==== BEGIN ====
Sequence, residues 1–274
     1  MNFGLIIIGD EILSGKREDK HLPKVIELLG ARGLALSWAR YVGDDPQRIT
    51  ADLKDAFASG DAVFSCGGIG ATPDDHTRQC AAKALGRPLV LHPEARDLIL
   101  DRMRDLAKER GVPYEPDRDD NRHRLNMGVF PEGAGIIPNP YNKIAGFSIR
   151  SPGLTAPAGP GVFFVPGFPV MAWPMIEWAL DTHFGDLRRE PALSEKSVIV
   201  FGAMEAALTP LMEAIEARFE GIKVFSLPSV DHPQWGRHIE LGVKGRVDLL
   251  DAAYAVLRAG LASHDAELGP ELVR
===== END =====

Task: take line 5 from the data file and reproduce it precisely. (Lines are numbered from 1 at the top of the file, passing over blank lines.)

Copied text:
   151  SPGLTAPAGP GVFFVPGFPV MAWPMIEWAL DTHFGDLRRE PALSEKSVIV